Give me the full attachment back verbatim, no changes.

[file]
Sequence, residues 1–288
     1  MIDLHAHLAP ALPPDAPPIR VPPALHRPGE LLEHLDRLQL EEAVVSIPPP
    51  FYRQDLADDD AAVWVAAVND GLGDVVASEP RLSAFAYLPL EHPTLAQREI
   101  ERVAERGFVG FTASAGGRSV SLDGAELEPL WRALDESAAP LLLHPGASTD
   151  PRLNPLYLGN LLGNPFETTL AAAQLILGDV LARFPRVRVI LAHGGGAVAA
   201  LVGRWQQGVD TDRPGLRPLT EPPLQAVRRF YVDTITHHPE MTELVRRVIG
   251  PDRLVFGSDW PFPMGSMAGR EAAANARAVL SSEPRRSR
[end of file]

Sequence, residues 1–288
     1  MIDLHAHLAP ALPPDAPPIR VPPALHRPGE LLEHLDRLQL EEAVVSIPPP
    51  FYRQDLADDD AAVWVAAVND GLGDVVASEP RLSAFAYLPL EHPTLAQREI
   101  ERVAERGFVG FTASAGGRSV SLDGAELEPL WRALDESAAP LLLHPGASTD
   151  PRLNPLYLGN LLGNPFETTL AAAQLILGDV LARFPRVRVI LAHGGGAVAA
   201  LVGRWQQGVD TDRPGLRPLT EPPLQAVRRF YVDTITHHPE MTELVRRVIG
   251  PDRLVFGSDW PFPMGSMAGR EAAANARAVL SSEPRRSR